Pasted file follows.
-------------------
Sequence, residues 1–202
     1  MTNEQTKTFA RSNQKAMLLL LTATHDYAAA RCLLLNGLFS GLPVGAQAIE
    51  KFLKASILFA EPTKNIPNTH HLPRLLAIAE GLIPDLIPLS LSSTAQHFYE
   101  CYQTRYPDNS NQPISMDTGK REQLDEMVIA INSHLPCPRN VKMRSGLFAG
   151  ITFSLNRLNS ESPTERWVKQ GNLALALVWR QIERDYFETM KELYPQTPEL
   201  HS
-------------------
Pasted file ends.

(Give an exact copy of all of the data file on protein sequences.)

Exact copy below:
Sequence, residues 1–202
     1  MTNEQTKTFA RSNQKAMLLL LTATHDYAAA RCLLLNGLFS GLPVGAQAIE
    51  KFLKASILFA EPTKNIPNTH HLPRLLAIAE GLIPDLIPLS LSSTAQHFYE
   101  CYQTRYPDNS NQPISMDTGK REQLDEMVIA INSHLPCPRN VKMRSGLFAG
   151  ITFSLNRLNS ESPTERWVKQ GNLALALVWR QIERDYFETM KELYPQTPEL
   201  HS